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    Re: Our Founding Fathers' Ideas

    Quote Originally Posted by Kandahar View Post
    It is generally impossible to have separate inter- and intrastate regulations. Suppose there's a California factory near the Arizona border that blows some of its smog across the border. Either the federal government regulates the pollution or it doesn't. The feds can't tell them to stop belching out the portion of their smog that crosses the border, while leaving the domestic smog untouched.
    They were meant to be an equitable arbitrator between the states.
    They can certainly decide a fair compromise for this situation.

    Quote Originally Posted by Kandahar View Post
    Our Founding Fathers never anticipated these kind of problems. The Industrial Revolution was in its infancy in England when the Constitution was written, and hadn't arrived in the United States at all.
    Of course they did, that's why they left many portions of The Constitution broad like the interstate commerce clause.

    It's not called the "Moving stuff with sailboats and horse & buggy clause" now is it.


    Quote Originally Posted by Kandahar View Post
    The purpose of an interstate highway system is to be interstate.
    Yea and what prevents them acting as arbitrators between two states wanting to build such a system?

    What about how the interstate highway helped destroy more economical public transit systems?
    Ohh I know, the Feds always know best.


    Quote Originally Posted by Kandahar View Post
    No they can't. It is virtually impossible to regulate telecommunications within a state in a way that doesn't interfere with any other state. This is especially true with the internet, as VOIP replaces traditional telephone service. Our Founding Fathers could not possibly have envisioned this.
    And yet counties do it all the time.

    More to the point though, they can't suppress the free flow of information anyway.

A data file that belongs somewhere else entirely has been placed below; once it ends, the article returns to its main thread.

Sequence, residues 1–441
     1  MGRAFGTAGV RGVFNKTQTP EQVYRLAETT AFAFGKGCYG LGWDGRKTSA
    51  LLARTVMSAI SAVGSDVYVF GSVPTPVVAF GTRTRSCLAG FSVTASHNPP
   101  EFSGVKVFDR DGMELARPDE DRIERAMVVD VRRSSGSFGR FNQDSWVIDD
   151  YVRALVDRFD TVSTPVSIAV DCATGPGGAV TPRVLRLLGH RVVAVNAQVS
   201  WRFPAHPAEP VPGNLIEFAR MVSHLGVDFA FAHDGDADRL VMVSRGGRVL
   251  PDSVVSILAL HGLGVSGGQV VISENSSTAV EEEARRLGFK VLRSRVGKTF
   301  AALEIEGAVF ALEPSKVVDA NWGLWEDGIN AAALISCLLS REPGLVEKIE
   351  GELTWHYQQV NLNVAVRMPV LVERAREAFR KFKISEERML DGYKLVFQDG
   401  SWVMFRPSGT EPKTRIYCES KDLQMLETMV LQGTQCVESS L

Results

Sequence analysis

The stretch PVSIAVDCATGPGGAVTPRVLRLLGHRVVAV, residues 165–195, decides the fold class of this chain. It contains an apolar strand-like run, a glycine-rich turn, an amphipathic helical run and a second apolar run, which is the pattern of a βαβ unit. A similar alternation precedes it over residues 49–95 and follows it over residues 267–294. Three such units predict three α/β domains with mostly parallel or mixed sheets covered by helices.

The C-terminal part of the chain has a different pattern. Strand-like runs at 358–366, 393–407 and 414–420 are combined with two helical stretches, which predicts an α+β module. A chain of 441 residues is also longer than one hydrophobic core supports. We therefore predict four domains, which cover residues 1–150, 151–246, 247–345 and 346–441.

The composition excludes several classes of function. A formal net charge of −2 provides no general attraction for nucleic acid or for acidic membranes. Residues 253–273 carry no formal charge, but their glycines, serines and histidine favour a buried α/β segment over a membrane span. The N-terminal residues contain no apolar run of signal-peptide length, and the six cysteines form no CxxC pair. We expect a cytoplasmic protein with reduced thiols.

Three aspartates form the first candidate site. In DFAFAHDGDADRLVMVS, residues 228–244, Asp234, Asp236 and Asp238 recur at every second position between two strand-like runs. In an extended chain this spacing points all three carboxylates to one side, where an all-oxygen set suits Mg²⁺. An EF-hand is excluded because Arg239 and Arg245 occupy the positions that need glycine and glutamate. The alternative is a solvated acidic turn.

Quote Originally Posted by Kandahar View Post
    If government imposes no regulations at all on health care, the costs will spiral out of control under a patchwork of mutually incompatible insurance plans. And the system will be grossly inefficient as ER doctors fish around a patient's pockets for an insurance card before treating them. Again, not something our Founding Fathers could possibly have envisioned. To them, a doctor was someone who came to your house to deliver a baby, and a hospital was somewhere that people went to die. "Health insurance" didn't exist and had no reason for existing, because the quality of medical care was so bad that people didn't live long enough to run up a huge bill anyway.
    Health insurance doesn't need to exist, for further study you can ask the Amish why they live the same average life span as regular Americans do, without insurance.

    On top of that though, insurance is already covered under contract law.
    Medical care costs spiral out of control when you remove up front pricing with regards to the consumer.
    Something that the government supports, go figure.

    Quote Originally Posted by Kandahar View Post
    No, that's YOUR interpretation of where you can find the right to privacy. I'm not saying I disagree, but if we're going to venerate the Founding Fathers and cling to an original intent interpretation of the Constitution, let's spell out the right to privacy while we're changing things.
    That's an amendment I'd support I suppose, as long as it was limited to only adding that single amendment.

    Quote Originally Posted by Kandahar View Post
    "Aside" from technological development? It's hardly some minor change that can easily be brushed off with an "aside from..." Our technological development has permeated virtually every layer of the fabric of our culture. Our demographics, economics, communication, transportation, health care, working conditions, warfare, and trade have been profoundly impacted by it. These things ALL impact our government.

    Technology has allowed us to increase the average life expectancy from 37 to nearly 80. Technology has allowed us to travel from Maine to Florida in a couple hours instead of a couple weeks...and for information to travel from Maine to Florida in a couple thousandths of a second. Technology has allowed us to devote our resources to things other than farming. Technology has allowed families to choose how many children to have and has freed women from the burden of raising 10 kids. Technology has allowed us to destroy our environment, and the environment of our neighbors. Technology has enabled people from all over the world to see what life is like in the United States and has encouraged them to immigrate here.